Entrepreneurial Interns Scheme
- University of Southampton
- South East
- Date first submitted:
- 28 Oct 2009
- Date last modified:
- 15 Oct 2010
- Relationship to RDF:
- Domain A: Knowledge and intellectual abilities
- Knowledge base
- Domain B: Personal effectiveness
- Professional and career development
- Domain C: Research governance and organisation
- Domain D: Engagement, influence and impact
- Working with others
- Engagement and impact
- Personal effectiveness
- Knowledge exchange
- Enterprise-related activities
- Career development
- Postgraduate researchers
- Doctoral researchers
Impact Level 2: Learning
Interns have demonstrated improved knowledge and attitudes to a business working environment, and research in the context of this.
Impact Level 4: Outcomes
Interns have achieved improved employability through their placements, demonstrated by some going on to employment with their host company. Companies have cited a real impact on their businesses through hosting the intern, in terms of being able to run a project that might not otherwise have been undertaken.
Rationale, aims and outcomes
What is the rationale for doing this?
How does it fit with institutional strategy?
What are the main features of the provision?
What are the aims and expected outcomes?
The scheme has been developed using EPSRC enterprise/entrepreneurship Roberts funds and matched funding to support the interns. The scheme enables research students and postdoctoral staff to spend ~six months working on a specific project within a company, gaining valuable work experience, using their own subject area- and research-expertise, but also developing new skills around commercial awareness, business and leadership. The businesses involved range from spin-outs to large companies, and mentoring is provided from within the partner company, by the academic supervisor, and with support from the University's Research & Innovation Services.
The internship projects have been designed to give the interns a real understanding of how new ideas are turned into commercial products and services - which will be invaluable whether they remain in academic research or move into the business world.
Each intern has completed a business skills evaluation form at the outset, as a base-line measure, which is revisited at review-points during and at the end of the internship. At the end of the process, each intern writes a reflective report, and the partner-company is also asked to contribute to the report and to help evaluate the success of the scheme.
Evaluation of the first round of internships in 2010 has shown impact in relation to the interns and their development, and to the company hosts, as well as for the University itself - ie benefits to all stakeholders. All interns perceived significant improvement in their business awareness and commercial skills through the internship experience, with employment resulting for some; companies benefited from the high calibre expertise of the interns. At the same time the scheme realises the University's mission for knowledge transfer.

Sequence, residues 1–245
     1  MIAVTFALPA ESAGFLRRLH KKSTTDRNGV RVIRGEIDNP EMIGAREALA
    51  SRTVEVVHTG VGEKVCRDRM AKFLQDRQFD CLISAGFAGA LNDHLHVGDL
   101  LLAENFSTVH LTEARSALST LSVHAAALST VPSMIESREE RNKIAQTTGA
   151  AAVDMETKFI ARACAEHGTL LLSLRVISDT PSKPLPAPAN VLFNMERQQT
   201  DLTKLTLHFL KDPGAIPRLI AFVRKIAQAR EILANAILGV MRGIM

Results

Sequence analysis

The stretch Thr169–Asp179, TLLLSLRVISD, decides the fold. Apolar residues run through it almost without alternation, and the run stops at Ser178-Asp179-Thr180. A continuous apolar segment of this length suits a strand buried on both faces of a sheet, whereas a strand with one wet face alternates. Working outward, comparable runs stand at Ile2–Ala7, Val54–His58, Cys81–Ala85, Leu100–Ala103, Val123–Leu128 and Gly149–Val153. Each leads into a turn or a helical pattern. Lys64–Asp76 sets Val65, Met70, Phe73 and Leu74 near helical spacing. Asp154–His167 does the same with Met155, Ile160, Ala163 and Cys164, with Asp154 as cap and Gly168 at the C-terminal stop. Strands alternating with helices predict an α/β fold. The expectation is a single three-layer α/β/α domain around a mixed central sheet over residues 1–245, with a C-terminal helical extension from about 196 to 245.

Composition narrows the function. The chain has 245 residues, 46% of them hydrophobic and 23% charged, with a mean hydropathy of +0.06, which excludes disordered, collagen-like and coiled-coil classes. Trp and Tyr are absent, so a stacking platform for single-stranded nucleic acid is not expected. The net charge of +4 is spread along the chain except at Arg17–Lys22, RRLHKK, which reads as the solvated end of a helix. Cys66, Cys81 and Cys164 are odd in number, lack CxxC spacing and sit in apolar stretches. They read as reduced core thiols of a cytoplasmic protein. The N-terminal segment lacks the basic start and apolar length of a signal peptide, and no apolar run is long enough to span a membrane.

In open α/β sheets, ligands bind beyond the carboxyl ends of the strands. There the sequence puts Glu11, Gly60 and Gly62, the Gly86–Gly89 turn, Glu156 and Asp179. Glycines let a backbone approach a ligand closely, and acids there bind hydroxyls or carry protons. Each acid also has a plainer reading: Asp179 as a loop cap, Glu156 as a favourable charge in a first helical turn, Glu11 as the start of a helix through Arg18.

A series of case studies are available on our website, for further information.
Are there any pre-requisites for engagement, e.g. levels of skill, years of experience, essential pre-activities?
How many participate in each 'activity'?
To be eligible for participation, research students must have completed a successful upgrade to PhD, and must have enrolled student status. Postdoctoral staff must be employed on a current contract. Participants must normally have EPSRC research funding. Experience with the first round of internships has shown that the scheme is most useful/popular with research students who are approaching the end of their research project, perhaps in the writing up stage, and that it can be a useful bridging opportunity for them.
We supported five internships in 2009/10, and will offering a similar number in 2010/11.
Evaluation: benefits, challenges and next steps
How do you monitor effectiveness?
Who do you seek feedback from?
Do you have benchmarks?
Please see comments under rationale, aims and objectives. The first internships were regarded as very succesful, by interns and their host companies.
An initial version of the scheme suffered some difficulties around matching interested students with suitable companies/opportunities. We reviewed the scheme and relaunched it during the following year, bringing in an industrial-liaison colleague to build links with companies and work on developing the specific placements. This assistance was invaluable.
There have also been difficulties around students/postdocs being available at the right time to take up an opportunity - these constraints do not always sit well with the funding-window (for the matched funds). We have had to be as flexible as possible, and have been fortunate to find companies who are also willing to be flexible to get the right intern.
There are certainly sufficient Roberts funds to continue the administration and management of the scheme, but we need to secure additional matched funding to support the interns themselves, and it is not clear that we will get this. The interest from companies has been very strong, and we had far more placements offered than we could recruit to in the first round. Finding available and suitable interns is more challenging, but good candidates have come forward. We are pleased to be working with some of the same companies in a new round of internships for 2010/11.
The University's Careers Service has commenced a project to develop work placements for research students, so there may be scope for collaboration.